Jamaica Observer / The obvious politicking from the Opposition aside, no one can deny that what is happening at Petrojam needs to be investigated. And that investigation should go beyond the probe now being conducted by the Auditor General’s Department. Indeed, the information revealed so far at Parliament’s Public Administration and Appropriations Committee (PAAC) is most disturbing. And if there is any truth to what the country has already heard, then the authorities should take relevant action against anyone found guilty of misconduct.

While this newspaper, at this time, has no physical evidence of corruption at Petrojam, it is clear that if the allegations are not properly investigated, and the results publicised, followed by strong sanctions if necessary, then the general scepticism with which Jamaicans view State entities, and indeed the Government, will persist.

That, we hold, cannot be good for the country, and indeed the Government which, at that start of its tenure in March 2016, stated that it intended to “conduct the affairs of the country with the highest level of integrity as corruption will not be tolerated”.

We have seen, over many years, instances of reckless use of taxpayers’ money, graft, and barefaced thievery committed by individuals from both major political parties. The fact that many of these individuals are not sanctioned for their actions has left a bitter taste in the mouths of law-abiding Jamaicans. It also highlights the hypocrisy of the commitments to transparency and respect for the law made by their political parties.

The current Administration has an opportunity to change that culture and give Jamaicans reason to believe that our political leaders will, with all seriousness, no longer tolerate immoral and illegal behaviour.

Sending that signal will also instil confidence in investors that Jamaica is a country that respects and upholds the law, and as such a place where they can feel comfortable doing business.

 

VAR decision vindicated, so far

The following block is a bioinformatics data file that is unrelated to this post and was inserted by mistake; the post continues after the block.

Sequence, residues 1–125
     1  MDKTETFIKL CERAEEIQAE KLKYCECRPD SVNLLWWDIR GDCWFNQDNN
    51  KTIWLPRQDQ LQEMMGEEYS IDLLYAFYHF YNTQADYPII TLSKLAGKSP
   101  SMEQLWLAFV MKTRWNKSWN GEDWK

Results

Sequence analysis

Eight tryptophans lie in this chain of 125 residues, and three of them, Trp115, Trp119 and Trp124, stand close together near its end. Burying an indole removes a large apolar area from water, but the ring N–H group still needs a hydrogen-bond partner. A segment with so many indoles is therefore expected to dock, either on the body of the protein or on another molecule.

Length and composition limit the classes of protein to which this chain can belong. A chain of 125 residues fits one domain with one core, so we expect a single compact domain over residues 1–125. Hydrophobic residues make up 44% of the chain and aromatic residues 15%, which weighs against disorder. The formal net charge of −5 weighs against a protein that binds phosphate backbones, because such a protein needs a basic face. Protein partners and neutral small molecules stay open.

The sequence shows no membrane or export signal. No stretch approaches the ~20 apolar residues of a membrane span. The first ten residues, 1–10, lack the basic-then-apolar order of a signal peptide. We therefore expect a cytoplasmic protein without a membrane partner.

In January this year we pointed to the benefits of the video assistant referees (VAR) system and voiced our support for its use at the 2018 FIFA World Cup now under way.

At the time we spoke to the technology’s use in last year’s Confederations Cup and the Under-20 World Cup. We also noted that it was being used in Italy’s Serie A, the German Bundesliga, Major League Soccer in the USA, the Portuguese Primera Liga, the K League in South Korea, and Australia’s A-League.

Since the start of the 2018 World Cup, the VAR has been used to award at least three penalty kicks. The technology also resulted in a goal being disallowed in the Iran vs Spain match.

As we have said before in this space, the proper use of technology will add credibility to on-field decisions by officials and erase doubt in the minds of spectators, thus preventing the anger and bitterness usually triggered by calls that are considered controversial.

The system, we believe, is working well so far, and we are happy that FIFA decided on its use in the World Cup. Not everyone, we expect, will be pleased, as there are still individuals who don’t support the use of the technology.

However, as FIFA President Mr Gianni Infantino has said: “You have to help the refs and that happens through technology… It’s definitely a forward step.”

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